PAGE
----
Dynaplug Covert Bar End Tubeless Bicycle Tire Repair Kit: First Look

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Remember the Dynaplug Covert we shared earlier this month? We got our hands on the slick bar end tubeless repair kit for a closer look. Find detailed photos and Miles’ thoughts here…

Announced earlier this month, the new Dynaplug Covert is the latest stashable tubeless tire repair kit from a company that’s made plugging tubeless tires their business. As it happens, I’m a little biased when it comes to tubeless repair tools, because I’ve been a huge Dynaplug fan for a few years. In 2017, I splurged on my first Dynaplug Micro Pro and it’s been an invaluable part of my repair kit ever since. Besides the beautiful machining, design, and US-made label, their brass-tipped plugs have worked quickly and reliably on more than a few occasions. In fact, a few days ago we had a puncture in our group that wouldn’t seal up on its own, but wasn’t big enough to get your standard bacon and fork style plugger inserted. Dynaplug to the rescue—push, pull, done!

Dynaplug Covert Review

The Dynaplug Covert tool is designed specifically to work with ODI lock-on grips that utilize their Snap Cap end caps. When purchased through Dynaplug, you receive a free set of ODI grips and Covert tools for each grip—replacing the need for Snap Caps in the process. An aluminum threaded sleeve is held tightly in place by the locking jaws of the grips, which provides a secure place for the main tool to thread into. After unthreading the tool, the applicator is accessed by removing an additional sleeve, which is held snugly in place by an O-ring on the applicator.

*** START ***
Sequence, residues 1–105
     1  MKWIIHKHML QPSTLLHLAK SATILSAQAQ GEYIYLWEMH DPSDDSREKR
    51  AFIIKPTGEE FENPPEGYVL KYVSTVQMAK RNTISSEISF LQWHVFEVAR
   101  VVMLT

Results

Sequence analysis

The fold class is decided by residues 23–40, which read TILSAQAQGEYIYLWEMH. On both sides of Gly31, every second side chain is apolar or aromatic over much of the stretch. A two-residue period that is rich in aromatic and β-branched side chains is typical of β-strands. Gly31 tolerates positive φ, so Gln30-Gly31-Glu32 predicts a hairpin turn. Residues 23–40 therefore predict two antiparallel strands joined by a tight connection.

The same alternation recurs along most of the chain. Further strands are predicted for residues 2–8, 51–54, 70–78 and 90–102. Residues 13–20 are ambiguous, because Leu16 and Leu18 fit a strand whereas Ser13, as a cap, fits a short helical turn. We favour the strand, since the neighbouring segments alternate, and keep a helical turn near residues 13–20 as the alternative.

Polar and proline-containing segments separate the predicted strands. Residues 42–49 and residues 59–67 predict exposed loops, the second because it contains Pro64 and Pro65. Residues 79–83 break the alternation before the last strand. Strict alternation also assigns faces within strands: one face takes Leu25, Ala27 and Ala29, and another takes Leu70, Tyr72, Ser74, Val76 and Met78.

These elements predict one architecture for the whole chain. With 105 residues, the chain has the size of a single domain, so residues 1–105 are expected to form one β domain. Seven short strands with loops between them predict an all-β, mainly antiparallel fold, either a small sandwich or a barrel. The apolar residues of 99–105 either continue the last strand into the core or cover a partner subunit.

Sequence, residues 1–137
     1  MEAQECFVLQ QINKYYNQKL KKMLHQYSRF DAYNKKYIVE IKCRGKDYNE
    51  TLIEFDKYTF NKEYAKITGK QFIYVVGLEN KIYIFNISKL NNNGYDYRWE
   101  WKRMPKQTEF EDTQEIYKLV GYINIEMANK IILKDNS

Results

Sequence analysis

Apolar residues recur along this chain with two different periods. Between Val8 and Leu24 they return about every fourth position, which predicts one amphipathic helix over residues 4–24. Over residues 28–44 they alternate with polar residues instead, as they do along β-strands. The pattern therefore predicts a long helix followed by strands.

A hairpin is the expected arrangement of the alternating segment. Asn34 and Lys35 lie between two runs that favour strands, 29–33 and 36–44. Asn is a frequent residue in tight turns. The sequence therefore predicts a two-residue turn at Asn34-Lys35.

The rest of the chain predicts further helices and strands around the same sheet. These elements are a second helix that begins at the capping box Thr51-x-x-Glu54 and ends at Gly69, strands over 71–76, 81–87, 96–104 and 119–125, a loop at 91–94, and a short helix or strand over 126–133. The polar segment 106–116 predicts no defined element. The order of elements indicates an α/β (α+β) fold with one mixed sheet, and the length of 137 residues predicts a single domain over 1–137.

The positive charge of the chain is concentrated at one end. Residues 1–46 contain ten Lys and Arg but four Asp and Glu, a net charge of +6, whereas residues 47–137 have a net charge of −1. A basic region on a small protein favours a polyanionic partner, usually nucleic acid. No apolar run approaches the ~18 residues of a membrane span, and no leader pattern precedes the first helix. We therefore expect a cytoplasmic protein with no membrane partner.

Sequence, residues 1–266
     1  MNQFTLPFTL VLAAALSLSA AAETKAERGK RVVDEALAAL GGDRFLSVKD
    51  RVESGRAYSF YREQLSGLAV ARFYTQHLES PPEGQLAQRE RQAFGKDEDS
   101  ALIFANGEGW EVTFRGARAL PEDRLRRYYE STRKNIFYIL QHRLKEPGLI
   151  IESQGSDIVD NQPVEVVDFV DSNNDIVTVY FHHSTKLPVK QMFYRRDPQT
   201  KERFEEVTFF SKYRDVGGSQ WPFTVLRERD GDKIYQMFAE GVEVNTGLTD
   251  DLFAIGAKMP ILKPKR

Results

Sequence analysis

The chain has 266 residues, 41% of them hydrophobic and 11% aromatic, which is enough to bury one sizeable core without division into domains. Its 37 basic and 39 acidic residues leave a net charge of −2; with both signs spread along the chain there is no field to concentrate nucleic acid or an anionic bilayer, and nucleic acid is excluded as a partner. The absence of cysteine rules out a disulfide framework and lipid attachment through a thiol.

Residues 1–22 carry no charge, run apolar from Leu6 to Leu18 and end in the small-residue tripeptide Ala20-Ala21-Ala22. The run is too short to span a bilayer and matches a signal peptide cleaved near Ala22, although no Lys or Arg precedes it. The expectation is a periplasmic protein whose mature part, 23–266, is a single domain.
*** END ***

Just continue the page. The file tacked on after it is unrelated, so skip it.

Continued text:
The Covert tool uses Dynaplug’s Twin Tube applicator, which holds two easily accessed plugs at once. The photos below show their Standard Plug on the left and Mega Plug on the right. The latter is better suited for larger holes in tubeless tires, being approximately three times the thickness of a standard plug. Dynaplug’s plugs are made of a viscoelastic rubber impregnated cord, which in my experience do a great job at soaking up tubeless sealant and forming a solid patch in the tire. Dynaplug claims a repair can last the life of your tire if installed correctly. I’ve had some last an entire summer of bikepacking, never requiring any further maintenance after the fact.

  • Dynaplug Covert Review
  • Dynaplug Covert Review
  • Dynaplug Covert Review
  • Dynaplug Covert Review
  • Dynaplug Covert Review
  • Dynaplug Covert Review
  • Dynaplug Covert Review
  • Dynaplug Covert Review

The machining and overall quality of the Dynaplug Covert tool is top notch. The threaded portion is smooth, and with the addition of the two O-rings, the components stay put. Although I’ve only ridden with the Covert tool on quick trips close to town, I expect to have a similar experience on longer, rougher rides. Since the end cap / handle isn’t particularly low-profile, it provides a decent grip that’s easy to remove. More importantly, it doesn’t require any tools to remove, which is one of the complaints I had with the Granite Design Stash Tire Plug tool I reviewed earlier this year.